Canada Goose Attacks High School Student

Canada Goose Attacks High School Student
Canada Goose Attacks High School Student In Blissfield, Michigan. Photos by Devon Pitts of Blissfield.

Canada Goose Attacks High School Student

The Golf Blogger long has maintained that Canada Geese are vicious, hostile, and nasty creatures that have long overstayed their protected position under the Migratory Waterfowl Act. In Michigan, at least, they are as common as squirrels and skunks and less welcome than either. Canada Geese flock by the hundreds on golf courses, destroying the turf and leaving behind piles of poo. They also don’t migrate, but stay year-round as permanent residents. They thrive in human-created habitats, such as golf courses, public parks, corporate campuses, airports and other places were there is maintained grass and ponds, pools, retention or drainage systems. In such areas, their natural predators are unable to keep their populations in check.

Even worse than the waddling flocks and poo is their hostile attitude. Canada Geese hiss, flap their wings and occasionally charge anyone who ventures too near. That makes it difficult to play the ball as it lies. It is as if a herds of alligators decided to populate large swaths of golf fairways in Florida and refused to move aside for man or golf cart.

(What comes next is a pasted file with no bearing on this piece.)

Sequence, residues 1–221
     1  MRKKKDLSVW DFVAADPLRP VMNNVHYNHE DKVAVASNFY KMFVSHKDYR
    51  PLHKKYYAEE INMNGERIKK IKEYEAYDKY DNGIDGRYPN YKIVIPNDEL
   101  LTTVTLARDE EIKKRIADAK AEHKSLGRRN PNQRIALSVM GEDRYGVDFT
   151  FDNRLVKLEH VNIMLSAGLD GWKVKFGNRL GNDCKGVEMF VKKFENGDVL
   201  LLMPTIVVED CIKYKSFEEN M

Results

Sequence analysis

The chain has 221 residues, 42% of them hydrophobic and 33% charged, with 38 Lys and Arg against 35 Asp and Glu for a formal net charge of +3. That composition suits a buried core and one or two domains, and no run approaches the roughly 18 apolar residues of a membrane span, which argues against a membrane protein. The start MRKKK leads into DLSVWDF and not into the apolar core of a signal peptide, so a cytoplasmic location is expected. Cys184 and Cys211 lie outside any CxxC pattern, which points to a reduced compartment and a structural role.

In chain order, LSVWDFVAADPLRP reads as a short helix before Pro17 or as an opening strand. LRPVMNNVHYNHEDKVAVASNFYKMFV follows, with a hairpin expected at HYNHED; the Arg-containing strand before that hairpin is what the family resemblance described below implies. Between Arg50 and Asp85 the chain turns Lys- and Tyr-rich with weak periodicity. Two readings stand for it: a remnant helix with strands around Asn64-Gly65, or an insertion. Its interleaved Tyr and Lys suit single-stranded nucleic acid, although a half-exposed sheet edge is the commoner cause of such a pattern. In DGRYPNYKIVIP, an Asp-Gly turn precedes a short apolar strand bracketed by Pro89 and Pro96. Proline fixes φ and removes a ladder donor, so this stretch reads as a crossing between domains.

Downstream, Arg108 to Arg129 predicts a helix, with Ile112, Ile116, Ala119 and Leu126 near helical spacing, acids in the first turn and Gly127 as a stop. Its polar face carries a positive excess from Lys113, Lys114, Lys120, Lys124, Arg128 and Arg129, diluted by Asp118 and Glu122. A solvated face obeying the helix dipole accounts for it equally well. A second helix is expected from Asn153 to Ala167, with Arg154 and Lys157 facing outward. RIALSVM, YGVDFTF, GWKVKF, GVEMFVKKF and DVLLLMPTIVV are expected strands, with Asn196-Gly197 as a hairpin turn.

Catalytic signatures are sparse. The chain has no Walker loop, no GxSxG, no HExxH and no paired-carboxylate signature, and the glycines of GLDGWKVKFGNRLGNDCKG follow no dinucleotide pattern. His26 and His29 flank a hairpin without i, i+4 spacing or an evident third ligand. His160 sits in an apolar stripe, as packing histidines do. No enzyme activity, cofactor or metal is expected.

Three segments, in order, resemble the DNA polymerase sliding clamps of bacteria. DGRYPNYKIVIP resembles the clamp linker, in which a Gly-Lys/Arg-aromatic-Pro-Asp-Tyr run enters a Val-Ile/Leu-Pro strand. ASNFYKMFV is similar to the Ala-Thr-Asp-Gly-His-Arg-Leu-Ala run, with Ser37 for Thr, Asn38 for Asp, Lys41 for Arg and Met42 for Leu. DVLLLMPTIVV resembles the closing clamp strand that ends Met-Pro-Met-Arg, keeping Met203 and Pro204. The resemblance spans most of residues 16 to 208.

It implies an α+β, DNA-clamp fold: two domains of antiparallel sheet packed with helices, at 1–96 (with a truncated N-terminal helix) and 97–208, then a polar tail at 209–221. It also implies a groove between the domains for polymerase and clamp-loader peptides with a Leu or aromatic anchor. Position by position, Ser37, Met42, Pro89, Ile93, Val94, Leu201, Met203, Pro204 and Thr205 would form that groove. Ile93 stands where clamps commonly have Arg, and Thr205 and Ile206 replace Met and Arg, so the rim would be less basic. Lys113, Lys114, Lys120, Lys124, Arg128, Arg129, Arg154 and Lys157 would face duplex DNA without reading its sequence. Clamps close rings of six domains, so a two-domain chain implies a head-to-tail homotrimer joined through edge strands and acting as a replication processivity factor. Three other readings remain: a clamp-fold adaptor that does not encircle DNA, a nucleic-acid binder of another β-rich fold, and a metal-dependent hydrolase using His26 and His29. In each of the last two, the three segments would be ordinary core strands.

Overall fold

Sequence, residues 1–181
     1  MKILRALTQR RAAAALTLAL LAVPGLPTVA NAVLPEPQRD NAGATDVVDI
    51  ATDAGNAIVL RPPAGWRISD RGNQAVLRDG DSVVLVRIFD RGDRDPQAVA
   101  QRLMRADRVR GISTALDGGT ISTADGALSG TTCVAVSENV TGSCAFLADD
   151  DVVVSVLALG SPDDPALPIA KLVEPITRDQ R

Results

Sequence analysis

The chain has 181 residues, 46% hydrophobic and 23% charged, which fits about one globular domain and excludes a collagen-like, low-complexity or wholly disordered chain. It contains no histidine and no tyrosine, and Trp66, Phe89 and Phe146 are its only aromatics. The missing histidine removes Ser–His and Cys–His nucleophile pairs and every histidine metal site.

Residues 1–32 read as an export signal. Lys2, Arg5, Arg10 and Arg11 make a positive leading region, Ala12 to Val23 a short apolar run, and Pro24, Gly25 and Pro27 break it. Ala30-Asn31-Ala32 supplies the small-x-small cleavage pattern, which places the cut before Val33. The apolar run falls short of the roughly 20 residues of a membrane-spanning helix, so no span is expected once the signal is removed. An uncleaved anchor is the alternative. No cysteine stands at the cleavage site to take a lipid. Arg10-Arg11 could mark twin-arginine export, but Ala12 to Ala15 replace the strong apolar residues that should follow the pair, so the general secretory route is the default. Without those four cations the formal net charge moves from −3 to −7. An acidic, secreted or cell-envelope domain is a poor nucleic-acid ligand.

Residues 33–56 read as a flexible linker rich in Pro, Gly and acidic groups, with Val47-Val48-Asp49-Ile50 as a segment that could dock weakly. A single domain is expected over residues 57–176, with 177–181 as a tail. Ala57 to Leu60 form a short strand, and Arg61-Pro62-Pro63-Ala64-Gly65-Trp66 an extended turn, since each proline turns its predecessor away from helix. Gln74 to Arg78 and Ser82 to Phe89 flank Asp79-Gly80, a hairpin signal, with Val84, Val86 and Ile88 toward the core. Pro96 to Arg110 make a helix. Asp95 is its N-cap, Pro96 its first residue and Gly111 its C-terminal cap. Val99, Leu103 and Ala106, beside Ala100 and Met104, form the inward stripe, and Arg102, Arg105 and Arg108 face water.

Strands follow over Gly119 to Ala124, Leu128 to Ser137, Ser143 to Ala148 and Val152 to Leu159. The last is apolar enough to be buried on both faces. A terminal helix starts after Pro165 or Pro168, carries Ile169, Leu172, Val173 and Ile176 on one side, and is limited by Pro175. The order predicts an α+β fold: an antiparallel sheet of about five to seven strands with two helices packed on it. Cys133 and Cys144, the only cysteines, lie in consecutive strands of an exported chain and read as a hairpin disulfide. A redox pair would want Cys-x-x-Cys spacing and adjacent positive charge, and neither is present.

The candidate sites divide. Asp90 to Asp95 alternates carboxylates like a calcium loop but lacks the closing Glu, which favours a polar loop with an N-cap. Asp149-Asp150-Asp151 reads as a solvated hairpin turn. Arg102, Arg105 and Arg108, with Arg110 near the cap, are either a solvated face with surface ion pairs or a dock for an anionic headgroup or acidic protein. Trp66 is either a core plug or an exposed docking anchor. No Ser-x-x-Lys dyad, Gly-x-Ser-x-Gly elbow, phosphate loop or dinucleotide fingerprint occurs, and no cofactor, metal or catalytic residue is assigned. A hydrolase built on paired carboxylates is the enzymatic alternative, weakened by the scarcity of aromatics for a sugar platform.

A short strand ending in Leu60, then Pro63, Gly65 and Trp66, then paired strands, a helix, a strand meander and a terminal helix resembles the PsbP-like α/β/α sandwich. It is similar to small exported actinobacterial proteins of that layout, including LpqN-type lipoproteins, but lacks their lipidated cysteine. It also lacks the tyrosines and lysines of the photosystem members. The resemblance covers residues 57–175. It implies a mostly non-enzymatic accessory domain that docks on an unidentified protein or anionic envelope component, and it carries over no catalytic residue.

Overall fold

Golfers on foot are particularly susceptible. Isaac Couling of Concord High School recently ran afoul of one of those foul fowl and has become a media sensation. The savage crime occurred at Wolf Creek Golf Course in Adrian, just south of GolfBlogger World Headquarters in Ann Arbor.

The lad was caught unaware by the monster as he was keeping his eyes on another of the threatening beasts in front of him. They apparently have now evolved to hunt in packs, like wolves.

The demon bird then tackled him, and when he tried to get up, knocked him down again (top photo)

I know golfers who have been bitten by Canada Geese and they report that it is extremely painful.

Golfers are not the only ones to suffer from this invasive species. Bacteria from their droppings infect waters, causing potential human illness. Flocks will plunder fields of crops. The geese also are a hazard to aircraft navigation. In 1995, 24 USAF crew members were killed when a flock knocked out both engines of their E-3 Sentry. And famously US AIr Flight 1549 suffered partial power loss after hitting flying geese, causing the plane to make a forced landing in the Hudson.

I am calling on the Michigan Congressional Delegation and the Trump Administration to declare Canada Geese in urban and developed area a “pest species.” That will let them be shot for food year-round, instead of the clearly inadequate fifteen days in September the law currently permits. Canada Geese are considered good eating in some quarters, so they wouldn’t go to waste. Any excess could be donated to food banks.

We can prevent a future tragedy only if we act now.


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